Juvenile rock carp (Procypris rabaudi Tchang) which inhabit the upstream region of the Yangtze River were chosen for the experiment. They were hatched on April 23, 2009 from the Sichuan Fisheries Research Institute and transferred to the laboratory on July 3, 2009. The juveniles were placed in the laboratory for a fortnight to acclimate to living conditions, and it was assured that the mortality was less than 5% before initial testing. The experimental conditions were as follows: water temperature 25 °C, salinity 20‰, dissolved oxygen (DO) 7.5–8.0 mg/L, day/night-cycle 14 h light:10 h dark. The fish were fed on Limnodrilus hoffmeisteri once a day, and there was no feeding during the testing. The fish weight ranged from 2.41 to 2.48 g, while the total length ranged from 6.6 to 7.2 cm.
A Point-Four device (Point Four Systems Inc., Canada) was used to monitor TDG (%), temperature (°C), barometric pressure (mmHg), and Δp (differential pressure). A YSI 6600 device (YSI Inc., USA) was used to regularly monitor oxygen (%), temperature (°C), pH, and salinity (‰). Data were automatically monitored once a minute during the experiments.
During experiments, the probe of the Point Four was agitated gently by hand every 5 min to dislodge air bubbles which were attached by TDG sensor membranes until the display reading data were stable. The gas saturations were measured and verified every hour.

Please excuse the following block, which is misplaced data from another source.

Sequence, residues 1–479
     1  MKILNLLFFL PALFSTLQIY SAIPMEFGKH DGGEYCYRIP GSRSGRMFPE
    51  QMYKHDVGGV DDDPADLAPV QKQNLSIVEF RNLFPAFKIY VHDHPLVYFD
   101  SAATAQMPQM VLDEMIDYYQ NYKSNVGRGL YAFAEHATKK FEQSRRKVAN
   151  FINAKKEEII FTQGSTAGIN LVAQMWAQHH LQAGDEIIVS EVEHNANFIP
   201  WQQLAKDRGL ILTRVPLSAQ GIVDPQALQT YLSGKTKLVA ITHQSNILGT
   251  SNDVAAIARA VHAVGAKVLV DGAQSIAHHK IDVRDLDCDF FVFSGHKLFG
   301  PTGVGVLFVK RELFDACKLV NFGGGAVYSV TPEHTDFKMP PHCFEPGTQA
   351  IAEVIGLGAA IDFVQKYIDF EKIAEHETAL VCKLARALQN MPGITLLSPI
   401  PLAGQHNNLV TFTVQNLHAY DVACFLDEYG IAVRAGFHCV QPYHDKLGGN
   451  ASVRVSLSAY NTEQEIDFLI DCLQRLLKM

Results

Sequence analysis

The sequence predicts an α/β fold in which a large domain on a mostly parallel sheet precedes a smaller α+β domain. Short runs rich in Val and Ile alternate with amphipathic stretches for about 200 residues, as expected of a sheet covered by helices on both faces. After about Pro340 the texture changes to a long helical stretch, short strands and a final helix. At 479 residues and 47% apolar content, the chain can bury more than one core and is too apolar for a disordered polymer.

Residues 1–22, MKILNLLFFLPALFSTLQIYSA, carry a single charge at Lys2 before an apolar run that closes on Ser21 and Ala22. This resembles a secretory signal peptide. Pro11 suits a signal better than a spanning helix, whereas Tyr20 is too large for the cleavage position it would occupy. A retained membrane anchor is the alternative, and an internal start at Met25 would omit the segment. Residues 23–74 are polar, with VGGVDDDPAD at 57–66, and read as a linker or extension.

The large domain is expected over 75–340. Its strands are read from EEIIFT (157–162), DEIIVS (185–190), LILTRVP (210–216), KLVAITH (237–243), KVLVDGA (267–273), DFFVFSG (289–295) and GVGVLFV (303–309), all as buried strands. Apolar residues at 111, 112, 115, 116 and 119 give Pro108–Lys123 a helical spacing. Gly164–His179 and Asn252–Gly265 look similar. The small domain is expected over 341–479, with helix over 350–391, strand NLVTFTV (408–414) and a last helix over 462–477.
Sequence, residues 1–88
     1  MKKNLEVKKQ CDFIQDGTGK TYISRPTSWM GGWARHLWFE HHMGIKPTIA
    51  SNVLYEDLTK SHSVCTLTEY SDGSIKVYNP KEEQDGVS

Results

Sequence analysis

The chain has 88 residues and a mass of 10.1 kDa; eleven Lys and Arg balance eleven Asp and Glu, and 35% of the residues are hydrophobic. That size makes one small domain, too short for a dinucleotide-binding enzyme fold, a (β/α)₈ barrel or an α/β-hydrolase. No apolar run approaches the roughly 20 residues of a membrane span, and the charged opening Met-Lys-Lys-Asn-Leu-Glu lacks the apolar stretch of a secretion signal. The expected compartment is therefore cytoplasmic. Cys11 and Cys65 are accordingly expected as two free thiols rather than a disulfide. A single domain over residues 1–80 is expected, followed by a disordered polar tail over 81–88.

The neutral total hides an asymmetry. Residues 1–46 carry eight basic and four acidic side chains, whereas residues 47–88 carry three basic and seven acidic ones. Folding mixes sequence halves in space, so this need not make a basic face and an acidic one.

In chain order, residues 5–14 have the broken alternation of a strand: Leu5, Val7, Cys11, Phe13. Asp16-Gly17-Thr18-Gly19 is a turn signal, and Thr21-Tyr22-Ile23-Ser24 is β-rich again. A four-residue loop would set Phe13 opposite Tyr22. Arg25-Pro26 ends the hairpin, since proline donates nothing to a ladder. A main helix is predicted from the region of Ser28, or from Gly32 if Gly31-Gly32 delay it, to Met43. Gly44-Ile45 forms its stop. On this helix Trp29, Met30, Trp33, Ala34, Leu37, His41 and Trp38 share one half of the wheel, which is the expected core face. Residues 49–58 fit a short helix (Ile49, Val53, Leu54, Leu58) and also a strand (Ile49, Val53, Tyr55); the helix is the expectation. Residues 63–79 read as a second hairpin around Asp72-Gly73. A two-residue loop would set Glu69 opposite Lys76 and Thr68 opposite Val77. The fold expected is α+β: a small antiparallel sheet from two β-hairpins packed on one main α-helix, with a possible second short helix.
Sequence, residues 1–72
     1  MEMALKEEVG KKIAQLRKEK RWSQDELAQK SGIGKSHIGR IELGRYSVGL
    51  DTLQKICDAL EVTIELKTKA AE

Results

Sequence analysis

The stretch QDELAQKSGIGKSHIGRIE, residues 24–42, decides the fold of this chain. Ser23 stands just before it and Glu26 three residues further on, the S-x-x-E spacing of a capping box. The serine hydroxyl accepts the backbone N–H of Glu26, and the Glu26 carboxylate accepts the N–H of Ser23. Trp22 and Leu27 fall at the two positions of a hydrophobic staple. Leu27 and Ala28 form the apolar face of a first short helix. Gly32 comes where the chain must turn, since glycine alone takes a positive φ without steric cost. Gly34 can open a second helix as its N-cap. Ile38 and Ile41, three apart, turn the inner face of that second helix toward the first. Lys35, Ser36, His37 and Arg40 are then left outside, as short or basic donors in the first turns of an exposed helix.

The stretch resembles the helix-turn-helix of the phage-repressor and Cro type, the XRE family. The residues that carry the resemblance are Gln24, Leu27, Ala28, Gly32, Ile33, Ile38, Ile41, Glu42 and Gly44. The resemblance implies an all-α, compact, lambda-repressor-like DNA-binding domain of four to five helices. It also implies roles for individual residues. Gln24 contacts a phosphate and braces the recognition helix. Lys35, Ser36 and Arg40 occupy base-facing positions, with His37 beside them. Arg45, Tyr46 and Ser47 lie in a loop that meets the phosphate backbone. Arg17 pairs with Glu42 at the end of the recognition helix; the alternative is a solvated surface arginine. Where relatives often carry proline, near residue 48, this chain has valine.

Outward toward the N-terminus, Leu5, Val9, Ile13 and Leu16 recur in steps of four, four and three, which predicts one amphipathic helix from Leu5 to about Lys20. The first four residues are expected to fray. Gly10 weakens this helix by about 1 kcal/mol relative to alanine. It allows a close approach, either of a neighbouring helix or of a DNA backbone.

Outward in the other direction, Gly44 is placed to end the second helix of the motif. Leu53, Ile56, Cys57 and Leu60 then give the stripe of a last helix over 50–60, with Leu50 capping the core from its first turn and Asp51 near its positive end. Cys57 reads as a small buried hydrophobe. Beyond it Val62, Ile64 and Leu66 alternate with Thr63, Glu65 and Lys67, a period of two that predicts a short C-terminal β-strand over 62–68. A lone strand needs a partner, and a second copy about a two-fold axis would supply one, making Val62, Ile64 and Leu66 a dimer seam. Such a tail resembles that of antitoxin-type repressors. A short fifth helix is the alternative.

The system (Huang et al., 2010) can generate water with desired gas saturation by manipulating the combination of water inflow, water outflow, water temperature, and air pressure of the pressure vessel. It is realistic to be able to keep the water temperature and gas saturation constant for 60 h during the experiments. The schematic of the experimental system is shown in Fig. Fig.11.
Schematic of an experimental system
Water temperature was controlled by an electric device composed of a heater and a sensor controlling the water temperature in the water flume. The heater was turned on when the water temperature monitored by the sensor was lower than the designated one, and the heater was turned off when the water temperature was higher than the designated one.
Temperature-controlled water was supplied to the water pump and passed through the pump into the pressure vessel, and air was injected into the vessel by a compressor at the same time. The TDG supersaturated water was generated by adding pressure to the water, allowing achievement of desired TDG saturation levels by regulating the water inflow, water outflow, and air pressure of the pressure vessel. Then the supersaturated water flowed into the treatment groups (T1, T2) and flowed back to the water flume by gravity. The supersaturated water was a circulation of water flow and the inflow water pressure was maintained by using the water pump. The methods of the control of the water temperature and the circulation of water flow were the same as the supersaturated water supply.